Sunday, May 16, 2010

Brooke Fraser

For those of you unfamiliar with this woman.

I highly recommend her.

She is a prolific songwriter who understands the craft of story and writing much greater than I do.

The following is some of what I've read recently on her blog. To see more of what she is doing and what she has done please type your way to the following

all love friends. Enjoy.


In this blog I’ll discuss the foundation on which your songs are built. Whether you like it or not, there is one, and it’s you. Your worldview, your motives, your ‘issues’ are indelibly marked on everything you create in your life – whether it’s a song or a conversation or a Tweet. Being aware of your headspace and internal-environment goes a long way to understanding why you are or aren’t writing the type of songs you’d like to.

Over the past few years, many of you have written to me and said you would appreciate it if at some point I could share a little about songwriting. It isn’t something I’ve written about before, and as much as I enjoy blogging about everything non-music related, for some reason now feels like the right time to bring this wee series to the table. This certainly isn’t an objective study on the theme – what I write here will be subjective, personal, completely taken from my own journey as a writer. I’m in no way attempting to table a thesis here or pretend I’m some sort of expert, which I absolutely am not. So with that cleared up, on we go.

You Are What You Eat

In songwriting workshops I’ve been involved in in the past, I have often said (partly to get a laugh but partly because I believe in the metaphor) that songs are like poo. Songs are like poo because:

1) You get out what you put in. Many people are naturally gifted-songwriters, but many successful songwriters are people who aren’t naturally musically gifted but have worked really hard at their craft. Read Malcolm Gladwell’s “Outliers”… it brilliantly dissects the “myths” behind success – culture and opportunity have a lot to do with it… but the truth is, people who excel at anything usually work really, really hard. The 10,000 hour rule.

2) It is a product of what you feed yourself. If you feed yourself rubbish, what you output will be rubbish. I you feed yourself nutritiously, what comes out will be healthy. It’s the same with what we feed ourselves emotionally and spiritually. (I’m not going to get all weird on you, don’t worry – this is pretty logical.) If you’re listening to music with lots of minor chords and cynical lyrics about how the world is an awful, desolate hell and where no one can be trusted, reading depressing books, watching depressing films… it isn’t unlikely that your worldview* will reflect the negativity and cynicism you’re dwelling on/putting into yourself through your eyes and ears.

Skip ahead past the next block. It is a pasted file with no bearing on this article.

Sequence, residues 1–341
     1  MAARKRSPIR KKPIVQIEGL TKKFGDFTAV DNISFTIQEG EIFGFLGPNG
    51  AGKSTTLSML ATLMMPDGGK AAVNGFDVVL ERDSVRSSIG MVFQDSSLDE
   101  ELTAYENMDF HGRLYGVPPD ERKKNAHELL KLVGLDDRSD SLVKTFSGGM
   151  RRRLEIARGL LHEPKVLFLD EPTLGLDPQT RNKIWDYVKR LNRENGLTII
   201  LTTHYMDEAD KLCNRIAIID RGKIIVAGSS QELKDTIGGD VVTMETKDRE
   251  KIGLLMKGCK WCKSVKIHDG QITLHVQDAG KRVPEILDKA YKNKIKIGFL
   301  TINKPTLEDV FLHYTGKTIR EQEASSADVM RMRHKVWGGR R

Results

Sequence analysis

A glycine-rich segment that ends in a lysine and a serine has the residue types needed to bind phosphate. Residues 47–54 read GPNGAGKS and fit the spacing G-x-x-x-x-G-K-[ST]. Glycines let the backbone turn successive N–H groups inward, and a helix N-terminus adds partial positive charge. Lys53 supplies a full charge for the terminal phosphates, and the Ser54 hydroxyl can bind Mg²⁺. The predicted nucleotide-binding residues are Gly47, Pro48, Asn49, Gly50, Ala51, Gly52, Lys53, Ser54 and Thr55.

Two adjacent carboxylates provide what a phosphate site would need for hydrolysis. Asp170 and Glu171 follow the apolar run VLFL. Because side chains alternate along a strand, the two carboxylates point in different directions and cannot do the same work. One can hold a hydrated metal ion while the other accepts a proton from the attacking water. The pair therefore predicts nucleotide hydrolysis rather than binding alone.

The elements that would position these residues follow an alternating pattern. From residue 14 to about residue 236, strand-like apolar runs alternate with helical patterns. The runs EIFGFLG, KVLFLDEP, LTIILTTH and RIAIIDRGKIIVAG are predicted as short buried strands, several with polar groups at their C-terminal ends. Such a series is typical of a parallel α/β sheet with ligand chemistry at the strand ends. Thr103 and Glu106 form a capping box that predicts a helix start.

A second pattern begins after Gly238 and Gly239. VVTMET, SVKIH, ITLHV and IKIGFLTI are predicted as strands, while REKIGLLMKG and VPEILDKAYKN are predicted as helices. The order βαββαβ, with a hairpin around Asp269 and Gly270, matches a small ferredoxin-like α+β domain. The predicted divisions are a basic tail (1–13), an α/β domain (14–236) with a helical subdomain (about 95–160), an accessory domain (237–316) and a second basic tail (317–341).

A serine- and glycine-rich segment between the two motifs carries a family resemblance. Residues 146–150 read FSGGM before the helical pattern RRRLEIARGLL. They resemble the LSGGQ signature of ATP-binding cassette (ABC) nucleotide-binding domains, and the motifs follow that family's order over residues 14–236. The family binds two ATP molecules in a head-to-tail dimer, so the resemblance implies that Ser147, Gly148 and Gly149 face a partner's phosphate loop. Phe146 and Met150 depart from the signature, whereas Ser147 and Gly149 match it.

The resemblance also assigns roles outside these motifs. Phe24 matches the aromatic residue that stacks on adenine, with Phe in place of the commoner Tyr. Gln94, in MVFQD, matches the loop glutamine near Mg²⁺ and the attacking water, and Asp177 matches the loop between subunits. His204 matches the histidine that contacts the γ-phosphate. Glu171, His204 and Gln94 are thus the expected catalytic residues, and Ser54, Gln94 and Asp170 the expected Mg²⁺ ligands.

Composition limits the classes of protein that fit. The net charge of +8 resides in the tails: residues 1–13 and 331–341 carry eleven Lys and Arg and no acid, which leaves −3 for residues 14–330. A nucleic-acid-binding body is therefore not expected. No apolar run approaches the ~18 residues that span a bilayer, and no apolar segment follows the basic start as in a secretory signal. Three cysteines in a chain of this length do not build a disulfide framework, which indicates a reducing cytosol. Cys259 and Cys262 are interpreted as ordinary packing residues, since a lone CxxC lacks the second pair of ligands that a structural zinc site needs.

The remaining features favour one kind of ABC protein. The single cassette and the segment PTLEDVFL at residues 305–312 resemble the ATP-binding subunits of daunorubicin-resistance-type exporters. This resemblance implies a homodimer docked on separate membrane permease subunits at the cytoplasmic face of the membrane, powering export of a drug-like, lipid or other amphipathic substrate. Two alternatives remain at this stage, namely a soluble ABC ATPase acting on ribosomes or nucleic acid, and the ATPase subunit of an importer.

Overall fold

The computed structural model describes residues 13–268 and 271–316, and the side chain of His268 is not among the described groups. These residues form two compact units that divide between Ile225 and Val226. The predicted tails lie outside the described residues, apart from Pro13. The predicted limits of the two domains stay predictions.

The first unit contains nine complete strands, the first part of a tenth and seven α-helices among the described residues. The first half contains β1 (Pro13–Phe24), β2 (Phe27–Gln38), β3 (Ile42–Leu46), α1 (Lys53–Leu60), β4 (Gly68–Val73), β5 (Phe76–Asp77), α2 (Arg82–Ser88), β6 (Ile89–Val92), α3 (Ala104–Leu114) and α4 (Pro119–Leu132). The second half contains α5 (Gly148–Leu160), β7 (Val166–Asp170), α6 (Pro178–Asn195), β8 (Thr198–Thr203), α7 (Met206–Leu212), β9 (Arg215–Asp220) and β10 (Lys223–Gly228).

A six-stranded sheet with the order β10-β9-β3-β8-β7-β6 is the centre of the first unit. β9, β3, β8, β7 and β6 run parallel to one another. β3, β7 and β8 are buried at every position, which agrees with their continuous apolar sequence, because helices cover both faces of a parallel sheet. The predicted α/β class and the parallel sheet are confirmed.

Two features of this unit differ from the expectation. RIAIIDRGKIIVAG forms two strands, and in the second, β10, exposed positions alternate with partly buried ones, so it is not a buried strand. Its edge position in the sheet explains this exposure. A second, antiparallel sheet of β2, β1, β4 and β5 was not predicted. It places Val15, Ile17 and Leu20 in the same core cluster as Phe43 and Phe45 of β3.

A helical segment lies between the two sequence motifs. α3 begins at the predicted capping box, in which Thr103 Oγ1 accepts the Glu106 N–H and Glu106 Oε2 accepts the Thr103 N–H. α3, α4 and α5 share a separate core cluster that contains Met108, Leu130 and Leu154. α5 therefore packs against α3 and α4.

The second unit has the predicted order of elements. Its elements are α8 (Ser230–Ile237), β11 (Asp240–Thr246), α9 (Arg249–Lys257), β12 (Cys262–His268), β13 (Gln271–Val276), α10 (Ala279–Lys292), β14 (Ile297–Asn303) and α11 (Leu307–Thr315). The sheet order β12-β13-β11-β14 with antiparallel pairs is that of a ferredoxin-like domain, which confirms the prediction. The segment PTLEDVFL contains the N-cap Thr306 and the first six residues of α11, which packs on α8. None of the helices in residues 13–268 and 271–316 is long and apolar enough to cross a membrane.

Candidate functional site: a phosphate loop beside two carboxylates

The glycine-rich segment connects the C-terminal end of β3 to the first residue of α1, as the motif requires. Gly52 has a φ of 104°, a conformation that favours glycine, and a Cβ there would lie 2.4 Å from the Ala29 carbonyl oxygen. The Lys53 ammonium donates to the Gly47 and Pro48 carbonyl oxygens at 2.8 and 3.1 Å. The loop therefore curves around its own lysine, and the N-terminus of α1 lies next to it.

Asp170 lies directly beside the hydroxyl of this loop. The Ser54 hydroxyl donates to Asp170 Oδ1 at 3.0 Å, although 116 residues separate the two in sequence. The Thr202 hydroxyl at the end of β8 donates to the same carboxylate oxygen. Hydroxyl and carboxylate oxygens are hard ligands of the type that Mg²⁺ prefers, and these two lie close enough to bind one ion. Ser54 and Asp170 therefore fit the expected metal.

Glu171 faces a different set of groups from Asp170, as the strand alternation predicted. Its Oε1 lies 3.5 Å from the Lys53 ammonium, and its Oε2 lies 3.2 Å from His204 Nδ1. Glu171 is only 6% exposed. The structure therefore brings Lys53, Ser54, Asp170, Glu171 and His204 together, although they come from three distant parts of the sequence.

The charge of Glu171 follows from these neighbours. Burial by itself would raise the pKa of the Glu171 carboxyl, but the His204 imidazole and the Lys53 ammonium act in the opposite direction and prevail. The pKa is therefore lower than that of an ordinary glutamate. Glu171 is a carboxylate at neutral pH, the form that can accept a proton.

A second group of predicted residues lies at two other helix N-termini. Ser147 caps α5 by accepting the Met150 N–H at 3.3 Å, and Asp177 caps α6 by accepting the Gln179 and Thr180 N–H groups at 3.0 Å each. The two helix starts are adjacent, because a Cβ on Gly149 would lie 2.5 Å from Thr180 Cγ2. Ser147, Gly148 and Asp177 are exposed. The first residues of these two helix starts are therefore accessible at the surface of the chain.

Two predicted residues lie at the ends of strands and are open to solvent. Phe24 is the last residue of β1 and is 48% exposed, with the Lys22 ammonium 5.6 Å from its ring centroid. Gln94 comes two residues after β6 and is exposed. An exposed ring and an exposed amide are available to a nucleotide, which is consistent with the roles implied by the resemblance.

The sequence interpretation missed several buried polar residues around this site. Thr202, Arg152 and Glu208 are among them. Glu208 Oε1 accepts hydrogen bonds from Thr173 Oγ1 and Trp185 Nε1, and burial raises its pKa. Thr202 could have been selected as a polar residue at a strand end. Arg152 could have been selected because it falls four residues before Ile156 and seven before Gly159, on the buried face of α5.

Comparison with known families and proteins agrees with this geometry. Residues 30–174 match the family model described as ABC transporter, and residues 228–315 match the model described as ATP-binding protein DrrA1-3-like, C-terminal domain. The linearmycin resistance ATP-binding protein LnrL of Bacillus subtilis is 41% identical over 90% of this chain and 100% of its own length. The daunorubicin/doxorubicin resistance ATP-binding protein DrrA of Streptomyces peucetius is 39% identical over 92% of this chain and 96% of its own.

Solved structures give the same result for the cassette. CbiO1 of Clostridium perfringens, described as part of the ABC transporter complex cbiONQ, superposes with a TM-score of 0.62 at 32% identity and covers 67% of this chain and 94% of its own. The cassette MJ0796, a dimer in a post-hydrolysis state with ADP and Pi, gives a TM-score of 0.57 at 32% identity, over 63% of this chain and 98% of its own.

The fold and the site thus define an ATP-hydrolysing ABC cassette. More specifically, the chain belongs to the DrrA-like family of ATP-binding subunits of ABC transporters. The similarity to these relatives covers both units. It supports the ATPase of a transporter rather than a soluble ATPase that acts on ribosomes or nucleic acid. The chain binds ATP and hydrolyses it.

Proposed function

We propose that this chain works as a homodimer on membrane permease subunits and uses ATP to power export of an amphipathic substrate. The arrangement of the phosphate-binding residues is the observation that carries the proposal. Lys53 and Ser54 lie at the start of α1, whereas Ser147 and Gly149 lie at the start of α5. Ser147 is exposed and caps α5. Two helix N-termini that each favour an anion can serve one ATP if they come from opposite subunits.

*“1. the overall perspective from which one sees and interprets the world. 2. A collection of beliefs about life and the universe held by an individual or group”

I’ll expand on this a little now. If you’re an artist or creative person of some kind, your artistic “digestive system” is your heart, mind and senses, your soul. So if something affects your soul, it affects your art.


Last year we introduced my music to the Americans for the first time. We toured extensively, did press/promo and achieved some exciting results. We substantially increased our touring base in the U.S. and by the end of 2008 were playing to audiences up to eight times the size of those I played to when we first did some showcases at the end of 2007. Thanks to U.S. iTunes selecting Albertine as Editor’s Choice for a week in June and putting a banner on their homepage, the Albertine record reached #5. You amazing people that came to shows sponsored swathes of precious children through World Vision and raised a ton of money for development work in Rwanda through the light-bulb t-shirt we introduced on the September tour. This was huge for us.

But behind the scenes a whole bunch of other stuff was going on and by the end of the year I was emotionally exhausted and the long period of sustained high stress had wrecked my body. I was forced to pull out of my last scheduled tour of the year and spent the month of October in bed on aggressive antibiotics. In November I took off to Africa, a place that is always challenging and healing for me. I didn’t want a bar of being Brooke Fraser. It took me a while to be able to pick up a guitar again.

Now it’s July 2009. I’ve picked up my guitar again, opened up Garageband and poised my pencil and I’m ready to be a conduit of the songs I’m trusting will come. But I’m more aware than ever of how my internal environment will affect the songs that come out of me. So to be honest, the way I’ve been writing so far is by dealing with all the “stuff” on the inside that I do not want to colour what I write and more importantly, how I live and hope and trust. Before I pick up the guitar or sit at the keyboard, I’ve been “writing” by feeding on the stuff I do want to mark my life and my art… hope, grace, forgiveness. Don’t get me wrong – I will write this next record very honestly and it won’t be all rainbows and butterflies – but I’m aware of the ‘aroma’ I want my songs to have, and it’s not one of bitterness, but one of grace. Grace doesn’t deny a wrong suffered or pretend it wasn’t that big a deal, but forgives it and loves in spite of it. I’ve received it so now I’ve gotta learn to give it, even though I’m not always the best at this and I’m still angry about some things. I am human.